Monday , June 14 2021

Immunotherapy uses our immune system to treat cancer



Protection from our common illness is our immune system. It does not belong to the body, and it does a great job of sorting what is attacking it – until it comes to the malignant tumor. The reasons for this failure have been confidential since 100 years. By Jim Allison [immunotherapy] understanding that the immune system does not care about cancer. Instead, cancer has come from attacks that block the immune system. What if you can block these techniques and protect the killer T cells from the immune system?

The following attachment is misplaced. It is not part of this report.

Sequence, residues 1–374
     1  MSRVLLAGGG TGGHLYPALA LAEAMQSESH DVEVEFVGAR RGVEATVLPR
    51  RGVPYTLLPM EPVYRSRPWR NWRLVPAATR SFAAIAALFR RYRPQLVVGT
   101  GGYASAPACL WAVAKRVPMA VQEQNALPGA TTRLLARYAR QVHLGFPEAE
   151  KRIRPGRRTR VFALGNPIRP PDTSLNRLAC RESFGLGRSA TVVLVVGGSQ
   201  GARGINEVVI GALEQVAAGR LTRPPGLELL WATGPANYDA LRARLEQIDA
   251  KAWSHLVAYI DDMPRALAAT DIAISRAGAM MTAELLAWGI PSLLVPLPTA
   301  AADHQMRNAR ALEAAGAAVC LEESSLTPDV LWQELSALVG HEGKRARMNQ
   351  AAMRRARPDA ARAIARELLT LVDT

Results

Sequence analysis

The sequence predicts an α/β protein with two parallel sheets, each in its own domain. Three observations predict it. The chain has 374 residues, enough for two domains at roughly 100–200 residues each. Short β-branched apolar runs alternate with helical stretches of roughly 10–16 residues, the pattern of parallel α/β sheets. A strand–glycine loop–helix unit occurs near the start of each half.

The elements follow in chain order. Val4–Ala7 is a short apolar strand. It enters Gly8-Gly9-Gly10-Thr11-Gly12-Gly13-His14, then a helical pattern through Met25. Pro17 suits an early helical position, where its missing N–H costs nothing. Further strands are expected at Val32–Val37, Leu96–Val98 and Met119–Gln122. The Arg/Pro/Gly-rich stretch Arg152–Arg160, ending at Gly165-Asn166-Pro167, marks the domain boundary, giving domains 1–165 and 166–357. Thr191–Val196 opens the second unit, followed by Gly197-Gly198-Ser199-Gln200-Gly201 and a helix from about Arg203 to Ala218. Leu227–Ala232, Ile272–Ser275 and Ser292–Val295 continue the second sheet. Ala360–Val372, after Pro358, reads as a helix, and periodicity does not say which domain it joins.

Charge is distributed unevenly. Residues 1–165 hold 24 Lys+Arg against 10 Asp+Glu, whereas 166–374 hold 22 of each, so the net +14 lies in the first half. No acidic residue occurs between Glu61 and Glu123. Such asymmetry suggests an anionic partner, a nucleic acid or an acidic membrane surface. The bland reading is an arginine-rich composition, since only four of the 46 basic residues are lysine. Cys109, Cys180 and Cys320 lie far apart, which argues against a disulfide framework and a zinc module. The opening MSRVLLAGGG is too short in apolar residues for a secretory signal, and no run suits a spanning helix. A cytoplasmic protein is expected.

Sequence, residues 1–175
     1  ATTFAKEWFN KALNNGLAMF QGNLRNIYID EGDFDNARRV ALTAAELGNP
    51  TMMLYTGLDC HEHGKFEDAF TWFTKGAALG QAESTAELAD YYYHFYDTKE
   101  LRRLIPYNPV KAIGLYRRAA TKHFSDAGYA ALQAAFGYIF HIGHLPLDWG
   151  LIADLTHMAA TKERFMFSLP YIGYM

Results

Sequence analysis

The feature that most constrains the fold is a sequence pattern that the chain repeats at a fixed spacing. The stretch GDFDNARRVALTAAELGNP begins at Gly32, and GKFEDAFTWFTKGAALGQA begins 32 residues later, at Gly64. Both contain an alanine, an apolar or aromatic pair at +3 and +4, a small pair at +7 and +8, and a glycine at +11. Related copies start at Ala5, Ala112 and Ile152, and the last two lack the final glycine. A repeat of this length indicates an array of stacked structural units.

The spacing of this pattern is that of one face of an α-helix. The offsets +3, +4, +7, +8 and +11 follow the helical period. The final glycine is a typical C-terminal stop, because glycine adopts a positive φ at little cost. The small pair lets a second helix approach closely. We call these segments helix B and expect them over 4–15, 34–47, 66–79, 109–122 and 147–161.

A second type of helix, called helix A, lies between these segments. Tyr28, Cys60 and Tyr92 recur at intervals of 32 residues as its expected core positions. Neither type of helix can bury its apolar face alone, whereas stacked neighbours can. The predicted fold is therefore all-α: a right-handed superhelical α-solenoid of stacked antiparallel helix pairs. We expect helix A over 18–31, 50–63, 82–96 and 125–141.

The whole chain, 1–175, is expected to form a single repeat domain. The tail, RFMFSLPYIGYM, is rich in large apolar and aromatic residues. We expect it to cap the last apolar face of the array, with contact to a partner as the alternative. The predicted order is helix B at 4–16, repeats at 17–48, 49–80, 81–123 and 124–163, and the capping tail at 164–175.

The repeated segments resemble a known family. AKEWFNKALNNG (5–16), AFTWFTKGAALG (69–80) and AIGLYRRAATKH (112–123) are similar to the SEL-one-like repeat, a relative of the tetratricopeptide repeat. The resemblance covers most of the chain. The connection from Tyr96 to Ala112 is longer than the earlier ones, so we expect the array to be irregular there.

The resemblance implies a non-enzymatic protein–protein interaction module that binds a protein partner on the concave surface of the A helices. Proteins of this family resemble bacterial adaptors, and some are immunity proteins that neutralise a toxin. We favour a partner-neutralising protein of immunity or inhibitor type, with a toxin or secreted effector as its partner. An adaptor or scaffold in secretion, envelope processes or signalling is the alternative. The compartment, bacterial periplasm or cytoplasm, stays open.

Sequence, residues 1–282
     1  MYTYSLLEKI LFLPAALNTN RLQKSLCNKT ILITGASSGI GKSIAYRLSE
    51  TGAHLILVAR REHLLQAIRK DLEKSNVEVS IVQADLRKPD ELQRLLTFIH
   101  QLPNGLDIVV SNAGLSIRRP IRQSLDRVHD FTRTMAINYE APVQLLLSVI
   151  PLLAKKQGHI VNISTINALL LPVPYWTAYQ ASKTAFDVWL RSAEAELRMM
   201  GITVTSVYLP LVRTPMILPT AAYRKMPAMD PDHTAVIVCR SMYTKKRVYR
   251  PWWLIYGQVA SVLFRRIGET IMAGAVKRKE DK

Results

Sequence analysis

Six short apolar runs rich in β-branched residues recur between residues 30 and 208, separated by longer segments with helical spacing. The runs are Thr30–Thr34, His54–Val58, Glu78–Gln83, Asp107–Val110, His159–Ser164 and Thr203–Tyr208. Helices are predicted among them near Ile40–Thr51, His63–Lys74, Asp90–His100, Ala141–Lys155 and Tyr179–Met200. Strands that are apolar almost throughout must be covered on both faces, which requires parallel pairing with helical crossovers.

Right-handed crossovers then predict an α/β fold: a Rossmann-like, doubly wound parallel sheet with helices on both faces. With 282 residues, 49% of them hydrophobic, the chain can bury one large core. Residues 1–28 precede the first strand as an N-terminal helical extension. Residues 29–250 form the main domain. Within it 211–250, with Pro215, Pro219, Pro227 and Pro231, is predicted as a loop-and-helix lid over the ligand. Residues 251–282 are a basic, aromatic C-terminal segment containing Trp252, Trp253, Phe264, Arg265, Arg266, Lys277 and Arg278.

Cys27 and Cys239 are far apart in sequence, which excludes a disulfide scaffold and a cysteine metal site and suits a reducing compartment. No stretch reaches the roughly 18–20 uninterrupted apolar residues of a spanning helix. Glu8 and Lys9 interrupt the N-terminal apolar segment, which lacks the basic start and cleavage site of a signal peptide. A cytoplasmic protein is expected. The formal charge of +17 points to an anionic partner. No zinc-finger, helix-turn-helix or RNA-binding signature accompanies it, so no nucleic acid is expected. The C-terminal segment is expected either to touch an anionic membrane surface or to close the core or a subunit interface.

The Allison Immunological Laboratory in Berkeley, California, identified the T-cell protein known as CTLA-4. At the time of extinction, CTLA-4 acted as an immune response suppressor. These brakes, which called the checkpoints, have come out of control of cell killers and damaged the healthy cells of the body. The cancer organ used these inhibitors to survive and flourish. In 1994 the laboratory developed antibodies to CTLA-4 antibodies.

As a result, they won Nobel. An oncologist tells the doctor about the oncological illness and how to deal with it.

Seventeen years after its approval [the] 940 new "new" immuno-therapeutic drugs were tested in over 3,000 clinical trials in more than half a million cancer cells in the clinic.

Read full, original message: Treatment for Cancer: How to kill the killer


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